By Shivy 2 Comments
So, one of my favorite albums is the second album from the acclaimed Tennessee rock band, The Protomen.
Their self-titled debut album told a high-energy story of a man entrenched in an oppressive society watched over by powerful robots. This man, Dr. Thomas Light builds a 'child' to pour his hopes and dreams for a better future into. Eventually the child, Protoman, decides that the way to build this better future is to defeat the man responsible for controlling the robots and to restore hope to the beleaguered city. He fails, and is lost to the mercy of the machines that protect Dr. Albert Wily, the man responsible for the city's fascist state.
Years later, Dr. Light attempts to build a second 'child' named Megaman. Light decides this time, to protect this child and be content with the company. It isn't long before Megaman decides to follow in his brother's footsteps and attempt to save the dark city. In an intriguing twist, it's discovered that the general in command of Wily's robot army is now his own brother, Protoman. Protoman tries to convince Megaman that the people refused to back him in his quest, rather they left him as a martyr to fight and die for them, without being willing to help force the change themselves. Megaman, with sadness, strikes out at his brother, and leads the attack, but knows that Protoman was right, and the mass of people at his rear will do nothing to keep the revolution going once he's fallen in combat. Still, the album ends with the hopeful last words of Protoman: "If these people...tell this story...to their children...as they sleep...then maybe someday...they'll see a Hero...is just a man...who knows he's free."
The entire story is told through high energy rock mixed with some spaghetti-western influences. The music and powerful, and the vocal performances really strengthen the delivery of a story inspired by a simple video game franchise created by Capcom known in the United States as 'Megaman'.
I told you all of that so that I could tell you this:
Their second album "Act II: The Father of Death" is a follow-up to their first album that tells the story of how the city fell into darkness in the first place, and how Dr. Light himself was a partner with Dr. Wily, who unwittingly played a part in bringing the city itself into an industrialized robotic-driven work-state.
After losing his father to mining accidents, Dr. Light began work on a robotic work force that could aid the miners in more dangerous tasks. As he neared the projects completion, he grew hesitant to take the work away from such able-bodied people, but with the urging of his partner, Dr. Wily, he throws the switch and sets things into motion.
At the same time, Dr. Wily has plans of his own. After refusing to join him, Dr. Light's fiancée, Emily, is murdered by an assassin robot, and evidence is left to implicate Dr. Light. With the entire city keening in hunt of the man, he is soon taken into custody, and placed on trial. Despite feeling he has nothing to live for after losing the love of his life, he is found innocent, against the popular opinion that Light is a callous murderer: all a ploy by Wily to gain the city’s trust by proclaiming that the justice system was broken, and that his glorious technocracy is the best thing for the future of the city. Light is placed in exile, and the city begins to decay into darkness.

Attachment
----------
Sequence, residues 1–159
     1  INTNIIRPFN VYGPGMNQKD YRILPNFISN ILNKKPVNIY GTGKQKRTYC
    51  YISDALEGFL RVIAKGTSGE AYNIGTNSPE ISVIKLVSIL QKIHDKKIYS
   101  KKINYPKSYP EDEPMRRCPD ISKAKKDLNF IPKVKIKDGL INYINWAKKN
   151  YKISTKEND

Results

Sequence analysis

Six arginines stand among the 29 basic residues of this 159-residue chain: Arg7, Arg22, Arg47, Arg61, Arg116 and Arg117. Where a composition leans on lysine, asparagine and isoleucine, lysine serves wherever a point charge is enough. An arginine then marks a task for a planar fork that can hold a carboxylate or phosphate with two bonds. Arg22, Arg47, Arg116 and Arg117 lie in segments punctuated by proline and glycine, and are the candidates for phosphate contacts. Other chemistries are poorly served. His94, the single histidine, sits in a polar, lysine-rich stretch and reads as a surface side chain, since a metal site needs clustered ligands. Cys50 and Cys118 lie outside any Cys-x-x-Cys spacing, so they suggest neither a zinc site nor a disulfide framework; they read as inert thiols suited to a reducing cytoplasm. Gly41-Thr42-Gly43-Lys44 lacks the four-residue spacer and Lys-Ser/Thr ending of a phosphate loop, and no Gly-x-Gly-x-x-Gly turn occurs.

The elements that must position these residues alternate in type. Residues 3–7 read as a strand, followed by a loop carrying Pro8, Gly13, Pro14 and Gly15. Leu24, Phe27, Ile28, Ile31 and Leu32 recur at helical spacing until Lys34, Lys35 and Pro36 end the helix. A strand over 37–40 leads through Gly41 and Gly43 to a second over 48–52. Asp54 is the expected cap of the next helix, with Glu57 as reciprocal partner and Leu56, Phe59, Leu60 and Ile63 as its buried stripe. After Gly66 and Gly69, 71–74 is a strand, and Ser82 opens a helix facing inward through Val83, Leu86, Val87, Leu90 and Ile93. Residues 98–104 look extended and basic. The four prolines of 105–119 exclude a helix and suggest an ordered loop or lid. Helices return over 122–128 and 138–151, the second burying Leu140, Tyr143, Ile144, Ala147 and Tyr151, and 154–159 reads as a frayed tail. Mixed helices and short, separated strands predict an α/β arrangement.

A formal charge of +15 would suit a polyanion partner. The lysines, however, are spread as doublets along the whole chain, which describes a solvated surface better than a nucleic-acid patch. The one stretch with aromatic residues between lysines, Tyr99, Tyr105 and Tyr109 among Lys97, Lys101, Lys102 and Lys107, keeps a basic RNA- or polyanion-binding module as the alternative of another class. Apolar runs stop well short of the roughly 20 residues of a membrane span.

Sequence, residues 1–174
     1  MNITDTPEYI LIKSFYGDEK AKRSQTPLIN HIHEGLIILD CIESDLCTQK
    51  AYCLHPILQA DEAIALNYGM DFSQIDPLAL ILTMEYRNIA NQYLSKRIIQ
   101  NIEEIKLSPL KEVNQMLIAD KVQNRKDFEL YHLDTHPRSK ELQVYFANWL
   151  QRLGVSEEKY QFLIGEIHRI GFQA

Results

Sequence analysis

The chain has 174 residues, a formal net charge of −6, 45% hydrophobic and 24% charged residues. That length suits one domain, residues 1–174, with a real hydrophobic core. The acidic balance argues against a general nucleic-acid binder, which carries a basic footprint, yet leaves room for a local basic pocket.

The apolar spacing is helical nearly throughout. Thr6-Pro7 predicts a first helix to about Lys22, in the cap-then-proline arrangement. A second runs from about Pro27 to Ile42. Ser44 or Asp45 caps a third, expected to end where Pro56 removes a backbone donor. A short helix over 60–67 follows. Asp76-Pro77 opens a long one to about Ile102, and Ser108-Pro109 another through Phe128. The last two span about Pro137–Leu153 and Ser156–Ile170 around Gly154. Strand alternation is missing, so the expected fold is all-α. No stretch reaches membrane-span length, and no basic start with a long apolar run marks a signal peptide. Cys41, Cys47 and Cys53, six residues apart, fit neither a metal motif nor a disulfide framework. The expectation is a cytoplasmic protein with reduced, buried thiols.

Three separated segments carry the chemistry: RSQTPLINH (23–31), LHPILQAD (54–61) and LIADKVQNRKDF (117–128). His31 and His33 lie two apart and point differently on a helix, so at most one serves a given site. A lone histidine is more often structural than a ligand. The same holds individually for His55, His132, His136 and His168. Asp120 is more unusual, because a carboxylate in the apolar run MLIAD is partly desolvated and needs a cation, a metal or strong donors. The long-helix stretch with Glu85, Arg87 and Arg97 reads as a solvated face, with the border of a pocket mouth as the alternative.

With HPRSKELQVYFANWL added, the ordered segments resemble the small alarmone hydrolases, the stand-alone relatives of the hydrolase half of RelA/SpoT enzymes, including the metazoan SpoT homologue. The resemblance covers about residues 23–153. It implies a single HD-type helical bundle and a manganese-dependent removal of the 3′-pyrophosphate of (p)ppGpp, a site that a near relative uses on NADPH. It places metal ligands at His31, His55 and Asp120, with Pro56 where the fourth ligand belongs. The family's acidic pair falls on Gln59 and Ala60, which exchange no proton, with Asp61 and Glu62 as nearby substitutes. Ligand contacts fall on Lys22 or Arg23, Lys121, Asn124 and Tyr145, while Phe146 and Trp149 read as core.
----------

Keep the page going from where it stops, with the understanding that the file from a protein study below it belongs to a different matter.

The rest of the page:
Years later, a boy named Joe begins to feel that things in the city are not right. He leaves town in an attempt to discover what can be done about it. Out in the outskirts he encounters Dr. Light, who shares his plan for “freeing” the city by cutting off the ever-present communication network that Wily uses to keep his constant propaganda fed to the people.
The mission is a success, and Joe sacrifices himself to make certain the ever-present illuminated communication screens around the city go black… But there was a backup, and within moments the screens are back, and Wily has an excuse to declare complete martial control of the city “for the people’s safety”. The city enters its darkest days, but Light, driven by the spirit the young boy Joe showed begins to formulate a new plan…. Too build a robot of his own: a son he will call Protoman.
The story is one of a dystopian future, but it’s the attention to the emotions of the characters as the album is performed that really makes it something I love to listen to. The Protomen are a band that stays “in character” during their performances and interviews, claiming to be “freedom fighters gathering support for the war against Wily”. The songs are acted out on stage, and the audience is drawn into a story that they get to participate in. The music itself is epic, pulling inspiration from spaghetti westerns and the futuristic cyber-punk feel of the story itself. For being loosely based on a simple video game, the Protomen have really made the story their own, and I look forward to anything else they decide to do as a band.